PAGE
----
The Air Quality Committee of the North Carolina Environmental Management Commission has voted to advance a proposed rule to reduce heat-trapping carbon pollution from power plants in the state.
The Southern Environmental Law Center on behalf of the nonprofit North Carolina Coastal Federation and Clean Air Carolina had petitioned the division to recommend to the Environmental Management Commission adoption of the rule. After the committee’s vote Tuesday, the petition now heads to the full commission for consideration during its special meeting July 13 on whether to move forward with adoption of the proposed rule.
“We filed this petition because North Carolina needs to take urgent action to reduce carbon pollution from power plants given the harm underway from climate change in our communities,” said Gudrun Thompson, an attorney with the Southern Environmental Law Center, in a statement. “This rule will push dirty coal generation off the power grid, protecting the people and communities of North Carolina from air pollution while moving our state toward a clean energy future.”
The law center noted that the effects of climate change are already affecting North Carolina, such as heavy rains and flooding from slow-moving storms and warmer and more humid days and nights.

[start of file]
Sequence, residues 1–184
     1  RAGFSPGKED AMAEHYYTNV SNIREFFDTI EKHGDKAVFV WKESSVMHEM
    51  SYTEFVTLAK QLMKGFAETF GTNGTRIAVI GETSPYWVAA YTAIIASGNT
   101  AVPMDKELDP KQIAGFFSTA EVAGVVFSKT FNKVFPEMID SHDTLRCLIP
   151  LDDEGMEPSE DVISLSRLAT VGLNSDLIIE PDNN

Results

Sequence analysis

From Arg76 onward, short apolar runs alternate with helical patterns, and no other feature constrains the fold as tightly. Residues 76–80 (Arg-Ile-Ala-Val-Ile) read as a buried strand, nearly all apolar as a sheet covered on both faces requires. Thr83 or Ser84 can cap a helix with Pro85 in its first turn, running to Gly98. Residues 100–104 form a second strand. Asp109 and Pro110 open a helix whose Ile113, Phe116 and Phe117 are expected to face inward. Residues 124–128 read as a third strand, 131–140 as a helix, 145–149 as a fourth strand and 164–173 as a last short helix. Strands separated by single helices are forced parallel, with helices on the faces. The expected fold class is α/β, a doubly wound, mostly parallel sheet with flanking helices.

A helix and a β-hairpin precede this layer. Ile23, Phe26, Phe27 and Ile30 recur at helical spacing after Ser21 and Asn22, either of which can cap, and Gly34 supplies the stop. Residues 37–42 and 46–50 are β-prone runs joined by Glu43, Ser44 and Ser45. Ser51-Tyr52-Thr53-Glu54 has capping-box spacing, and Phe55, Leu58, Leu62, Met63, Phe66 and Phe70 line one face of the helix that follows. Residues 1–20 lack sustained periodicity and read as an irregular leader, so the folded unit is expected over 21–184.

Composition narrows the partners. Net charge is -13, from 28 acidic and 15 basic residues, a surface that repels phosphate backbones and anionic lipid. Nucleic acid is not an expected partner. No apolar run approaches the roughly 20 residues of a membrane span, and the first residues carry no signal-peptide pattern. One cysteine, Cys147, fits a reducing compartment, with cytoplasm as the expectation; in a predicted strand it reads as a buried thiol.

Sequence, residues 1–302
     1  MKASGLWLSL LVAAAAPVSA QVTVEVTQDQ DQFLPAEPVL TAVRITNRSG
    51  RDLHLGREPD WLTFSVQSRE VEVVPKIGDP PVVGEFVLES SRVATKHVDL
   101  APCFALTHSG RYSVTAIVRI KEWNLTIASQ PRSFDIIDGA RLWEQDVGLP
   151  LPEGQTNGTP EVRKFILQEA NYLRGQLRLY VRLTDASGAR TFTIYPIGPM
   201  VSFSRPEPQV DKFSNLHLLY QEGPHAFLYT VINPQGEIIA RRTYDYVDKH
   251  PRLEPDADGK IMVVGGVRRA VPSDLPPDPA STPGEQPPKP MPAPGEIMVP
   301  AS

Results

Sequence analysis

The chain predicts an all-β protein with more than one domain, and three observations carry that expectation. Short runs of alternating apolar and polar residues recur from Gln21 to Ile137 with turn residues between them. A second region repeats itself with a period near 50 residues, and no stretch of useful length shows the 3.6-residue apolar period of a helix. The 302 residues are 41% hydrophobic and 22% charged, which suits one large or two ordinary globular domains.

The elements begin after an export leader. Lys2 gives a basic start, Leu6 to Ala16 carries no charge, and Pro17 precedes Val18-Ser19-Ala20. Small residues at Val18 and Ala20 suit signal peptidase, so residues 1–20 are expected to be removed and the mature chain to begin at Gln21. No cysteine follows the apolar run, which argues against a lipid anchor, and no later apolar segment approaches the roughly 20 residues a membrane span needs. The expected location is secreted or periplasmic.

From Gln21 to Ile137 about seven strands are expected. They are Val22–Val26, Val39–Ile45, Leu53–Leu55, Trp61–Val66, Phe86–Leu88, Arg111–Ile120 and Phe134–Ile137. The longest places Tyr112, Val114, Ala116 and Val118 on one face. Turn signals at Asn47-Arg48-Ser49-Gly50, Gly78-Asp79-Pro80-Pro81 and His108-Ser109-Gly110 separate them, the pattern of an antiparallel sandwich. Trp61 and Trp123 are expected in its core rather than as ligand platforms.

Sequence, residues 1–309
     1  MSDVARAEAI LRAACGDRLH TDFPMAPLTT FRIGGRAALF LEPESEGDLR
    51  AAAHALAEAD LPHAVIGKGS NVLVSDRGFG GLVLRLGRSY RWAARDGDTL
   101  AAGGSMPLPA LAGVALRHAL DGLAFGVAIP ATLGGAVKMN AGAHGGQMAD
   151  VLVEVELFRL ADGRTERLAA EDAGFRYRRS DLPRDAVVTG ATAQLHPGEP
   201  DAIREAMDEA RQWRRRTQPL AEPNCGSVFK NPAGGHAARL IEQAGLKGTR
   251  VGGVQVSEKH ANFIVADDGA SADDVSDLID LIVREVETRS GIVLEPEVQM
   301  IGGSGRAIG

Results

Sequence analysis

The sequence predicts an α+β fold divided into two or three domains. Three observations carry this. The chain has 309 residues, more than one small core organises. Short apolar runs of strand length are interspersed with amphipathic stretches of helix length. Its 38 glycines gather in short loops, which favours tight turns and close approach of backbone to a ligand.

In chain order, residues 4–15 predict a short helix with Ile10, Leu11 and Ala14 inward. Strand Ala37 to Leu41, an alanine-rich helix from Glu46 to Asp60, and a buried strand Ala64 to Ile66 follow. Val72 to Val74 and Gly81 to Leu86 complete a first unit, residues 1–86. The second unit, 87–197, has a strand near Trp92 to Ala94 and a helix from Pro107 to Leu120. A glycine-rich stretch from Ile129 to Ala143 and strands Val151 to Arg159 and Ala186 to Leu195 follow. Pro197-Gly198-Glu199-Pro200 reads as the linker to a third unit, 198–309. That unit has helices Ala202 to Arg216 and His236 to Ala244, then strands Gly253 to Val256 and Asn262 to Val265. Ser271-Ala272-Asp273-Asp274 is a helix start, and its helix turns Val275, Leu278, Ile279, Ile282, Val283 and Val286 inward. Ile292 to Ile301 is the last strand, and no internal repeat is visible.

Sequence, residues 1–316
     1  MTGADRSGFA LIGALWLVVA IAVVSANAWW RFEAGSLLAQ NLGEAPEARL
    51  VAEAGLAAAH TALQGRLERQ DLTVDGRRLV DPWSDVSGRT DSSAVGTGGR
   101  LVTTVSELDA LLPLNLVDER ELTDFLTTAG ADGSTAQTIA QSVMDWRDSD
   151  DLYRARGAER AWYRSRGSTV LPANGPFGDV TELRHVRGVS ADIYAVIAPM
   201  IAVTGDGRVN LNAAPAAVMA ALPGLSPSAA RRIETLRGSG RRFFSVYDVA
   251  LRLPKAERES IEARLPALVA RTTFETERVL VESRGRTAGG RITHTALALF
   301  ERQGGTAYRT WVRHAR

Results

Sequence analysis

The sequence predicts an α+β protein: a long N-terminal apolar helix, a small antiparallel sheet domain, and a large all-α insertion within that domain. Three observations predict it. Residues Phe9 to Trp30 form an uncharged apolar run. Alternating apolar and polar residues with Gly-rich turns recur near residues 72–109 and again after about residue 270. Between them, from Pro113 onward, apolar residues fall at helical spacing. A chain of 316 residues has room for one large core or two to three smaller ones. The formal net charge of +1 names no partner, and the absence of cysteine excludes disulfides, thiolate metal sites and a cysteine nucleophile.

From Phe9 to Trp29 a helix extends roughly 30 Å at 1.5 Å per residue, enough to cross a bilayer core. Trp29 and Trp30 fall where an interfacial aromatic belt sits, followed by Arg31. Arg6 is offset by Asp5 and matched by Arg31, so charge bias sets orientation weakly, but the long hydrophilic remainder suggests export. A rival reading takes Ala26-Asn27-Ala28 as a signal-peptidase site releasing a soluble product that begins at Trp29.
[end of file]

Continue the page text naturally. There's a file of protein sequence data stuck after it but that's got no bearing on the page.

“We’re already watching tropical storms form even though hurricane season just started,” said Todd Miller, executive director of the North Carolina Coastal Federation, which publishes Coastal Review. “It’s imperative to act to reduce carbon pollution so that our coast is less vulnerable to extreme weather, and this vote is a good first step in that direction.”
The law center said the proposed rule would help achieve Gov. Roy Cooper’s goal of reducing carbon dioxide emissions from the power sector by 70% by 2030 and reaching net zero emissions by 2050 by setting a declining limit on heat-trapping carbon dioxide emissions from power plants and having North Carolina join the Regional Greenhouse Gas Initiative, a cooperative effort among states from Maine to Virginia to cap and reduce power sector carbon pollution.
“Joining RGGI is a win-win for North Carolina’s economy, environment, and our health”, said June Blotnick, executive director of Clean Air Carolina. “Beyond cutting carbon dioxide emissions, states participating in RGGI have seen reductions in harmful co-pollutants such as nitrogen oxides and sulfur dioxide. Reducing and ultimately eliminating these dangerous emissions will greatly improve the health of communities surrounding power plants, communities that have often experienced the most harm from decades of environmental injustices. Our state must join RGGI to improve health outcomes for all North Carolinians and continue to work to protect our most vulnerable communities.”
The law center noted that states already participating in the initiative saw carbon dioxide emissions from power plants drop 47% over the last decade.